Poetry Friday: “A Century Dying” by Pablo Neruda

Thirty-two years to go
to the new century:
thirty-two heroical fanfares,
thirty-two fires to stamp out
while the world goes coughing up phlegm,
wrapped in its dreams and atrocities.

The tree of our bitterness
has come full leaf:
and the fall of our century
will carry the foliage away:
we watered the roots with our white blood
and yellow and black;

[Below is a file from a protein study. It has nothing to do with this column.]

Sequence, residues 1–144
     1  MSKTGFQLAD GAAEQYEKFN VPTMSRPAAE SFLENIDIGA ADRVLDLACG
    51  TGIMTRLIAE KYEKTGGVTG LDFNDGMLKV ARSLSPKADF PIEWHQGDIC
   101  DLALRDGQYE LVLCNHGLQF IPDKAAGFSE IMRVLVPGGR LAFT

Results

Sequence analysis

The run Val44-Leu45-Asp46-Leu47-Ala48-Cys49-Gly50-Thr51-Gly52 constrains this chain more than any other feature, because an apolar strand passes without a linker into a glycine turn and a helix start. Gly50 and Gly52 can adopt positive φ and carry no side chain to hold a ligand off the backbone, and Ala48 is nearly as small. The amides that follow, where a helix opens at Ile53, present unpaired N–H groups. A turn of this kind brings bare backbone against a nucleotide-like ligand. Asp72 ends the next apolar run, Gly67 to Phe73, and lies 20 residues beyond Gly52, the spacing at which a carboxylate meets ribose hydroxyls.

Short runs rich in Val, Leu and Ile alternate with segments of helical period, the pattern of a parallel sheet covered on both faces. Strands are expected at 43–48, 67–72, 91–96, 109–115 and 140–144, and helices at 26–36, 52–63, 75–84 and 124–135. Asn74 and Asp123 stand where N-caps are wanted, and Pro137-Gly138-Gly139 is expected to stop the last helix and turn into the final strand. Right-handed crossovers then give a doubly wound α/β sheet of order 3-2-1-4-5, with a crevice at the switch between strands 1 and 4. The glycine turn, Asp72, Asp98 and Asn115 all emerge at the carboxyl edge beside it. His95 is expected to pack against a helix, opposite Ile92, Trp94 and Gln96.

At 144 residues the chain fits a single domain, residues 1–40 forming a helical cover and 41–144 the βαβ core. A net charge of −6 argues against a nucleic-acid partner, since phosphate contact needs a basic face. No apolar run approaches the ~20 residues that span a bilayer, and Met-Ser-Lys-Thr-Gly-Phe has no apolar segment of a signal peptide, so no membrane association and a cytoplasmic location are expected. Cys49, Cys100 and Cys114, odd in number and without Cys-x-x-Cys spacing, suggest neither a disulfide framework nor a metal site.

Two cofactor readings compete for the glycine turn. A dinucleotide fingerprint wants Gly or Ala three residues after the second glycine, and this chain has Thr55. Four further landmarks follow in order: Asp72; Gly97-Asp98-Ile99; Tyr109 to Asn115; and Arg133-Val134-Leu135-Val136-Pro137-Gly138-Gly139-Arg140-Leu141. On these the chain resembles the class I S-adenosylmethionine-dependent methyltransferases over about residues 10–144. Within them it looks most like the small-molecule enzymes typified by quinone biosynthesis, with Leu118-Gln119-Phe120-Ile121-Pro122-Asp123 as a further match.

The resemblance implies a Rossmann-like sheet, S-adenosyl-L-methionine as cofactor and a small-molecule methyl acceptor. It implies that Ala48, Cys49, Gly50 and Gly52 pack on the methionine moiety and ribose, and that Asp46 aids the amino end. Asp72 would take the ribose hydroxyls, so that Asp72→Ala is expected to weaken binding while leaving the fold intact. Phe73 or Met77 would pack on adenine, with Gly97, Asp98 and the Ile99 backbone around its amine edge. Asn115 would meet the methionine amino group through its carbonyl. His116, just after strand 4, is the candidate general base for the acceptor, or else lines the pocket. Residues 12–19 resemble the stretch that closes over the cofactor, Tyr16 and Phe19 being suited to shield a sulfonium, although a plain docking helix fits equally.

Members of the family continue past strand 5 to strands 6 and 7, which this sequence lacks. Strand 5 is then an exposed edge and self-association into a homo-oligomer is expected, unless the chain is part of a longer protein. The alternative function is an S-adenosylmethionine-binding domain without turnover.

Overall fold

now our centennial epoch
after scarring our vision
with cast-iron hardware
ans armorial claws
wants medals to pin
on its sergeant’s insignia.

The cement in the street says it,
a bird whistles it out of the branches,
the jails with their rosters
of good men maligned
make it plan to me; my kin,
my irascible friends,
the stewards of poverty,
put it in so many words:
the epoch is rotting away,
stalled at time’s center
like the bones of a cow
with its predators gnawing within,
while out of time’s pestilence
comes a literature written by flies.


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